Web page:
Blood Pressure Responses During Exercise: Physiological Correlates and Clinical Implications

Matthew Nayor, Priya Gajjar, Venkatesh L. Murthy, Patricia E. Miller, Raghava S. Velagaleti, Martin G. Larson, Ramachandran S. Vasan, Gregory D. Lewis, Gary F. Mitchell, Ravi V. Shah

Producción científica: Articlerevisión exhaustiva

5 Citas (Scopus)

Resumen

Background: Abnormal blood pressure (BP) responses to exercise can predict adverse cardiovascular outcomes, but their optimal measurement and definitions are poorly understood. We combined frequently sampled BP during cardiopulmonary exercise testing with vascular stiffness assessment to parse cardiac and vascular components of exercise BP. Methods: Cardiopulmonary exercise testing with BP measured every two minutes and resting vascular tonometry were performed in 2858 Framingham Heart Study participants. Linear regression was used to analyze sex-specific exercise BP patterns as a function of arterial stiffness (carotid-femoral pulse wave velocity) and cardiac-peripheral performance (defined by peak O2pulse). Results: Our sample was balanced by sex (52% women) with mean age 54±9 years and 47% with hypertension. We observed variability in carotid-femoral pulse wave velocity and peak O2pulse across individuals with clinically defined exercise hypertension (peak systolic BP [SBP] in men ≥210 mm Hg; in women ≥190 mm Hg). Despite similar resting SBP and cardiometabolic profiles, individuals with higher peak O2pulse displayed higher peak SBP (P≤0.017) alongside higher fitness levels (P<0.001), suggesting that high peak exercise SBP in the context of high peak O2pulse may in fact be favorable. Although both higher (favorable) O2pulse and higher (adverse) arterial stiffness were associated with greater peak SBP (P<0.0001 for both), the magnitude of association of carotid-femoral pulse wave velocity with peak SBP was higher in women (sex-carotid-femoral pulse wave velocity interaction P<0.0001). In sex-specific models, exercise SBP measures accounting for workload (eg, SBP during unloaded exercise, SBP at 75 watts, and SBP/workload slope) were directly associated with the adverse features of greater arterial stiffness and lower peak O2pulse. Conclusions: Higher peak exercise SBP reflects a complex trade-off between arterial stiffness and cardiac-peripheral performance that differs by sex. Studies of BP responses to exercise accounting for vascular and cardiac physiology may illuminate mechanisms of hypertension and clarify clinical interpretation of exercise BP.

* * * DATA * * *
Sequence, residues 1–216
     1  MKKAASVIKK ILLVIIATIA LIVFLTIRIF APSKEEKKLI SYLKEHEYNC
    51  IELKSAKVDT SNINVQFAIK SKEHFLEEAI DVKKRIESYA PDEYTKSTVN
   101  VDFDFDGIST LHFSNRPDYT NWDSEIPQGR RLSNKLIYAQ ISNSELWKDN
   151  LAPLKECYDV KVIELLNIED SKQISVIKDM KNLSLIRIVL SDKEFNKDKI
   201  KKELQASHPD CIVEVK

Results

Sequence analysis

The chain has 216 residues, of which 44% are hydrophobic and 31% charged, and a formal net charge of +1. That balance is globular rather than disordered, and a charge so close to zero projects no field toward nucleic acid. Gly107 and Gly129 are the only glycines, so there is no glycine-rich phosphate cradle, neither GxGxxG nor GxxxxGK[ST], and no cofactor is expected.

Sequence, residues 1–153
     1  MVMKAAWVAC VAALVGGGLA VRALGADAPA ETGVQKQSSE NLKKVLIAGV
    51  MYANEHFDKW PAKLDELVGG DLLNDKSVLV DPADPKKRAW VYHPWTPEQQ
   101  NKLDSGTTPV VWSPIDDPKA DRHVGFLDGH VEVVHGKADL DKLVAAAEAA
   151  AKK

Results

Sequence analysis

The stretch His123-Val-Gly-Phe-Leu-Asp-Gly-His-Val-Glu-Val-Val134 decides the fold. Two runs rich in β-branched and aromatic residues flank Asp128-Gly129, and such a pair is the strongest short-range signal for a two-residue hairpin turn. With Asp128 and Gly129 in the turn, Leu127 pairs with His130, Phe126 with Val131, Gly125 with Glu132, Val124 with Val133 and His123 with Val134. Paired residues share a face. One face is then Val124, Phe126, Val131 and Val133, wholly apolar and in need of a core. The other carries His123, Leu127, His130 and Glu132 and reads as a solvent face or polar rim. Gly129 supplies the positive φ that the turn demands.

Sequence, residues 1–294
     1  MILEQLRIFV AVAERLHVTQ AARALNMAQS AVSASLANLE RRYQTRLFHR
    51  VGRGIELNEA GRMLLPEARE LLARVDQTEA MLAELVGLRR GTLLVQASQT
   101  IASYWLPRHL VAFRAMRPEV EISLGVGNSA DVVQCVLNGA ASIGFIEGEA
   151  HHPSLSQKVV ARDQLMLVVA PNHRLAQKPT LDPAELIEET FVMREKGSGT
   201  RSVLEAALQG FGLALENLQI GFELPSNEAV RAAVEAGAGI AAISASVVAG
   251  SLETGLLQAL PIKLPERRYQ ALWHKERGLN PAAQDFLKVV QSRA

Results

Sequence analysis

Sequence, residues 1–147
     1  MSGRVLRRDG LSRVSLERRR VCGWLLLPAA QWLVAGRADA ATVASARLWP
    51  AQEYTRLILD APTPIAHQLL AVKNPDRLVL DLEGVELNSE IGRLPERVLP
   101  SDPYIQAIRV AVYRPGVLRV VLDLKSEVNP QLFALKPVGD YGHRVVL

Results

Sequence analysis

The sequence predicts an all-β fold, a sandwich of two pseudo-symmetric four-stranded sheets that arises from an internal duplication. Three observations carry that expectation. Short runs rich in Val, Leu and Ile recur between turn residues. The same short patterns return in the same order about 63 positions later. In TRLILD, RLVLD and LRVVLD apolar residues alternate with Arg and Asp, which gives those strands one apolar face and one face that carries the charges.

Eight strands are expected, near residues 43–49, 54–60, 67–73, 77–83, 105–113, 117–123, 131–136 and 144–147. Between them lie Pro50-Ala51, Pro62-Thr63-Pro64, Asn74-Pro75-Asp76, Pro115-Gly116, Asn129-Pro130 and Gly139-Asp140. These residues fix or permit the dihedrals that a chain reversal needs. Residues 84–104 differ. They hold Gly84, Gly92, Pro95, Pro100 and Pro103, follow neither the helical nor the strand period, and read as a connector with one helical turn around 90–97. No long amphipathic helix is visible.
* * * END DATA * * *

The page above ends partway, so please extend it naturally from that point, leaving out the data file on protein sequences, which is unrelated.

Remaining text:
Idioma originalEnglish (US)
Páginas (desde-hasta)163-173
Número de páginas11
PublicaciónArteriosclerosis, Thrombosis, and Vascular Biology
Volumen43
N.º1
DOI
EstadoPublished - ene 1 2023

ASJC Scopus subject areas

  • Cardiology and Cardiovascular Medicine

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